Accountability of the Independent Police Complaints Commission (IPCC)
We received a Freedom of Information request asking about the accountability of the Independent Police Complaints Commission (IPCC). We released…
We received a Freedom of Information request asking about the accountability of the Independent Police Complaints Commission (IPCC).
We released the following information on 9 February 2011.
The IPCC is a non-departmental public body which was established in accordance with the Police Reform Act 2002 and is operationally independently of the Home Office and the police. Home Office ministers are, however, accountable to Parliament for overall work of the IPCC, although the IPCC is responsible for the conduct of its day-to-day affairs, including IPCC investigations.
Parliament scrutinises the work of the IPCC through the Public Accounts Committee (PAC) and the Home Affairs select committee (HASC). Thus, the IPCC chief executive officer and chairman have, from time to time, appeared before PAC and HASC to give evidence. The IPCC is also required, by law, to publish is annual report and accounts which must also be laid before parliament. The IPCC also regularly publish its investigation reports, research studies, and complaint statistics on its website for the public to review.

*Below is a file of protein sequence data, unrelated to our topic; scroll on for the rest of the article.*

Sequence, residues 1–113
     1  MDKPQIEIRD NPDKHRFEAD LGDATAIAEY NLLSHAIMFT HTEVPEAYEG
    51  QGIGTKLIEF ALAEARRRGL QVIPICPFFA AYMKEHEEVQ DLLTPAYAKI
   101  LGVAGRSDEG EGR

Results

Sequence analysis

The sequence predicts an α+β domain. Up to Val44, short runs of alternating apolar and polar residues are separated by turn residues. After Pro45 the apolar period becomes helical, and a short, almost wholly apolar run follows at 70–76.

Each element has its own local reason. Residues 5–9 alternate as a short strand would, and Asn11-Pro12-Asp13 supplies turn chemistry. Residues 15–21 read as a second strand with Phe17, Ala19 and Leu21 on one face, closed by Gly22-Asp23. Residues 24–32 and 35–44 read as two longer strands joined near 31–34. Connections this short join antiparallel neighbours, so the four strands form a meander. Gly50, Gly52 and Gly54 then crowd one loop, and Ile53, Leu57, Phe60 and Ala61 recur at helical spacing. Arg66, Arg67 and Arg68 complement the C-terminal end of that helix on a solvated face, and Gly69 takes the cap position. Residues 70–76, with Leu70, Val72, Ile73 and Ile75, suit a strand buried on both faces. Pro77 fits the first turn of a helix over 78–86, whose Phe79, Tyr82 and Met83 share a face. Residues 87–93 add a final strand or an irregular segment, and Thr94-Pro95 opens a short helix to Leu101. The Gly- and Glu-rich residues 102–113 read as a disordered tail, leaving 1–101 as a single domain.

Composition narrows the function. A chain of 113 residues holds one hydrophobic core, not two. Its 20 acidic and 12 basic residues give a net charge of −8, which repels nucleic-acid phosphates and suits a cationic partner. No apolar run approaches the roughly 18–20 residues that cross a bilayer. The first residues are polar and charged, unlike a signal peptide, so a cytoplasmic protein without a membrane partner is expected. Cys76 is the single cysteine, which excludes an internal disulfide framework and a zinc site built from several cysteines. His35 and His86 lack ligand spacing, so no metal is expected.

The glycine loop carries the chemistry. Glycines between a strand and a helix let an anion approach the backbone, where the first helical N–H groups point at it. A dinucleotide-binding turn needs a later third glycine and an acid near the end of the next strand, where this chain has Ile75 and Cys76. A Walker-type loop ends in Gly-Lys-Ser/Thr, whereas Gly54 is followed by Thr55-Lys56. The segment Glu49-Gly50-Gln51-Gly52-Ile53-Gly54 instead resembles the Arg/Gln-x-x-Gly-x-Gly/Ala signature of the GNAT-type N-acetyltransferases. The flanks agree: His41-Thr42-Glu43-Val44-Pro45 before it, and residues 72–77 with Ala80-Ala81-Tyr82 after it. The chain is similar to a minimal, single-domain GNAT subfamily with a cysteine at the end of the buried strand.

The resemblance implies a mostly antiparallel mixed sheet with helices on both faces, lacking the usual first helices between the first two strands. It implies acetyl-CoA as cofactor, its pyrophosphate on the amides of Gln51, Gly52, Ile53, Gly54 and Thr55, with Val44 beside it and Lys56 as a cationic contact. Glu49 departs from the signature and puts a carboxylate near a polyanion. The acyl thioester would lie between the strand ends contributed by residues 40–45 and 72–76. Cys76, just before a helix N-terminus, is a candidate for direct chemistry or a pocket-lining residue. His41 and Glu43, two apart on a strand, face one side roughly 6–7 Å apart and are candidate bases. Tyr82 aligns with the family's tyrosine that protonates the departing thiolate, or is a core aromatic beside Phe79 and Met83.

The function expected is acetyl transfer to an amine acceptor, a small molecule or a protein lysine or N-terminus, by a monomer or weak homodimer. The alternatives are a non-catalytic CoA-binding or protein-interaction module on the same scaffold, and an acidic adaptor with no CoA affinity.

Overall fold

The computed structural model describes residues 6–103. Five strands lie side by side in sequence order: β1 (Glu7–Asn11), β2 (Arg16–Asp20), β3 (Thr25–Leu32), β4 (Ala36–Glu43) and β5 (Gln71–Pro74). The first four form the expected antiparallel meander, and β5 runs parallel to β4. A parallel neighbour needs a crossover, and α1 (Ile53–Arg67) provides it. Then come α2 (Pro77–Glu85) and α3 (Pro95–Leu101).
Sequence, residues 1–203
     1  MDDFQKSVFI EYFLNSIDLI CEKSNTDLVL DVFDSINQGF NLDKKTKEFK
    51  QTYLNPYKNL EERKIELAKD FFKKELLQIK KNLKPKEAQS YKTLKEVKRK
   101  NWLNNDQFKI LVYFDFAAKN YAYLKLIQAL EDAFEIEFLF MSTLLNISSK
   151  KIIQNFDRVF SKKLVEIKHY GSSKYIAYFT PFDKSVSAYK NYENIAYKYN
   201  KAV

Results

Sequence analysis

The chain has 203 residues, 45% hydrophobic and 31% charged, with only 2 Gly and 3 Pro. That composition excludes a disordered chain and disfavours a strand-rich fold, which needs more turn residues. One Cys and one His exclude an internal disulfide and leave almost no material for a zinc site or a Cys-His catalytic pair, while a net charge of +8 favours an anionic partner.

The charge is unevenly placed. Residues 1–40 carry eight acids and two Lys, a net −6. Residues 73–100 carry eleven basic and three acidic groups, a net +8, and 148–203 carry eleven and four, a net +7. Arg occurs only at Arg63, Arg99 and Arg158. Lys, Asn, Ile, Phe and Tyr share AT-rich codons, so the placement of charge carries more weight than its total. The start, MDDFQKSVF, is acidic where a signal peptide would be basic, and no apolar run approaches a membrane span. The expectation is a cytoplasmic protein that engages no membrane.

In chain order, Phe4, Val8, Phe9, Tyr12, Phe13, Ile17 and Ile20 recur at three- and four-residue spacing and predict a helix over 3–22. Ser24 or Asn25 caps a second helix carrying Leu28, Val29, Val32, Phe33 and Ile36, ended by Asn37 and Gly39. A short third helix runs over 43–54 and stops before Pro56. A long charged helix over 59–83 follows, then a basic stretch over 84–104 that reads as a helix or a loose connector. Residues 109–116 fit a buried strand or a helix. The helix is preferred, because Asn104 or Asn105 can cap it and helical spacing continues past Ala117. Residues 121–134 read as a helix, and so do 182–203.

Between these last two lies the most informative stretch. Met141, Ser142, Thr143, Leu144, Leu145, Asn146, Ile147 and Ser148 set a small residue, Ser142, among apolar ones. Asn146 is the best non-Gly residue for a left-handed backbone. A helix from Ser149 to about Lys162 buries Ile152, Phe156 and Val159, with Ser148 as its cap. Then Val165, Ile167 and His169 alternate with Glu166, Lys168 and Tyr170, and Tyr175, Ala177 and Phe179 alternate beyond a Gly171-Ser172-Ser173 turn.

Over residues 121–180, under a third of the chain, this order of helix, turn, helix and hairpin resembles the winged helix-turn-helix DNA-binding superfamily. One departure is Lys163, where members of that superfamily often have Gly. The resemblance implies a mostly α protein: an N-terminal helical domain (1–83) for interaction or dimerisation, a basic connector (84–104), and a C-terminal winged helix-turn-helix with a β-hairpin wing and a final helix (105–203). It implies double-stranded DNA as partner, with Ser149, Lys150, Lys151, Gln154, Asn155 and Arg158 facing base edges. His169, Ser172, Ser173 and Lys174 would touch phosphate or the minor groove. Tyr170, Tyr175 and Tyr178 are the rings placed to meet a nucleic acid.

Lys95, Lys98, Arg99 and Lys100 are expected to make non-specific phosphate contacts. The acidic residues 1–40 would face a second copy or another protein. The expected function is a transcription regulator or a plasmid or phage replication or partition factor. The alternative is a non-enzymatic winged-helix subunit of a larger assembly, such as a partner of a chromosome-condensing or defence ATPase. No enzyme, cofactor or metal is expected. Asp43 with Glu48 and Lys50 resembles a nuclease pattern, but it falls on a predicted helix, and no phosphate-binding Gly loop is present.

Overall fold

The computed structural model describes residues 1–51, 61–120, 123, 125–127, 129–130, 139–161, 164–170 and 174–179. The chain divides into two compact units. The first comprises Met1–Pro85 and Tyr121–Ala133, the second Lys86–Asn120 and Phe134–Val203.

The Police Reform Act 2002 sets out the statutory powers and responsibilities of the IPCC and guarantees the independence of the IPCC. The Act also outlines the role of the IPCC as the guardian of the police complaints system as a whole. The legislative base for the IPCC’s functions is set out in Part 2 of the Police Reform Act.
Those which relate to its guardianship powers include:
1. The IPCC’s call in powers for any allegation of police misconduct
2. The ‘inspection’ powers
3. The ability to produce statutory guidance
4. The ability to make recommendations and give advice on police complaints
arrangements and also on other matters of police practice from lessons it learns during its work
5. The obligation to produce annual reports and also reports for the Home Secretary, when asked
6. The ability to write other reports, as it sees fit, for the purpose of making recommendations, giving advice and drawing attention to particular issues
7. The ability to monitor the system by calling for information from police authorities and forces
8. The right of entry onto - and inspections of - police premises
9. Appointing organisations as ‘gateways’ for complainants into the system
Published: 9 February 2011
From: Home Office